Windows Phone Multitasking–Scheduled Notifications

June 28, 2011 — Leave a comment

In my previous post I talked about some of the new multitasking features available in Windows Phone Mango.  In this article, I’ll go over Scheduled Notifications in a bit more detail.

You will find all API details in the Microsoft.Phone.Scheduler namespace and the main items we will look at are

A Scheduled Notification is fairly straight forward and essentially will popup a dialog box similar to the calendar reminder in the OS.

There are two types of Scheduled Notifications you can use and these are Alarm and Reminder. This is a good way to integrate with the native OS and not have to build basic pop ups but leverage what is already there.

I’m not going to go through an entire code walk through as there is a good example on MSDN on how to create reminders for Windows Phone. Here is a quick sample on creating a reminder

Running this code on the emulator will result in the following

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Not overly complex but a few key things to note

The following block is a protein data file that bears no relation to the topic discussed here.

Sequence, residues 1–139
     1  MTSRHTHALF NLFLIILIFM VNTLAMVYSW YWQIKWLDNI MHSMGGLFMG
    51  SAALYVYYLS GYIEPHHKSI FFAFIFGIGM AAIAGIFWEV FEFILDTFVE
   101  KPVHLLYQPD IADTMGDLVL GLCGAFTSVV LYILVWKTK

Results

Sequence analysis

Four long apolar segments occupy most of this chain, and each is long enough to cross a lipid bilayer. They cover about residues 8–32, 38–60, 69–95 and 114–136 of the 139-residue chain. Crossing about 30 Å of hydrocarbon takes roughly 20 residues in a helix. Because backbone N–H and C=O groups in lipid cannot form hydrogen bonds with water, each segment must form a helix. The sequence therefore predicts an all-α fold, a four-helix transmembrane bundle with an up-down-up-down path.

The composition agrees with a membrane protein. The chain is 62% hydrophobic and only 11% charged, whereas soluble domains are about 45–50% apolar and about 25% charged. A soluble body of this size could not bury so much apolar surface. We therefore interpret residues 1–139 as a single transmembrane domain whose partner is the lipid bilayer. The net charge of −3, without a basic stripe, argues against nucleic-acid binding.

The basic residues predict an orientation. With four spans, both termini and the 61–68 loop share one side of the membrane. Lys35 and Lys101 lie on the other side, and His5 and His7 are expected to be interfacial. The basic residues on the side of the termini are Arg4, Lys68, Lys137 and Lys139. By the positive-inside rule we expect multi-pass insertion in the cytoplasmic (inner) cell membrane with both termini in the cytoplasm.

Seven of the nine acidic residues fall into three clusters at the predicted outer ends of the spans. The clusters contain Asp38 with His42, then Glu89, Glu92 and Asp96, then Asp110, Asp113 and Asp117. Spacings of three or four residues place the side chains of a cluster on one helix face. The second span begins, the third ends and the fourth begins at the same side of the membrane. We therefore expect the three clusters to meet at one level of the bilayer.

• You can specify a NavigationUri which will be used if the user launches your app from the reminder. This way you know if you came from the reminder and can show the specific reminder that was clicked
  • Don’t try to add a reminder with the same name, you will get an exception saying that the reminder already exists

Creating an Alarm is almost the same as creating a Reminder with a few slight differences.

//Create an alarm Alarm alarm = new Alarm(“Test Alarm”); alarm.Title = “My Alarm Title”; alarm.Content = “My Test alarm”; alarm.BeginTime = DateTime.Now.AddSeconds(10); alarm.ExpirationTime = DateTime.Now.AddSeconds(15); alarm.RecurrenceType = RecurrenceInterval.None; alarm.Sound = new Uri(“”);

//Add the reminder to the ScheduledActionService
ScheduledActionService.Add(myReminder);

Again, pretty straight forward but a few key things to note with alarms are

  • A user cannot click from the alarm to your application so you have no NavigationUri property
  • You can specify a custom sound to play using the Sound property but the sound file must be included in your XAP and cannot be played from isolated storage.

Scheduled notifications I think will be useful in some application scenarios and it’s great that we as developers can offset some of the ‘reminder code’ to the API/OS to handle for us.  This is just one of the ways Windows Phone now multitasks and I’ll follow up with the others in upcoming posts.

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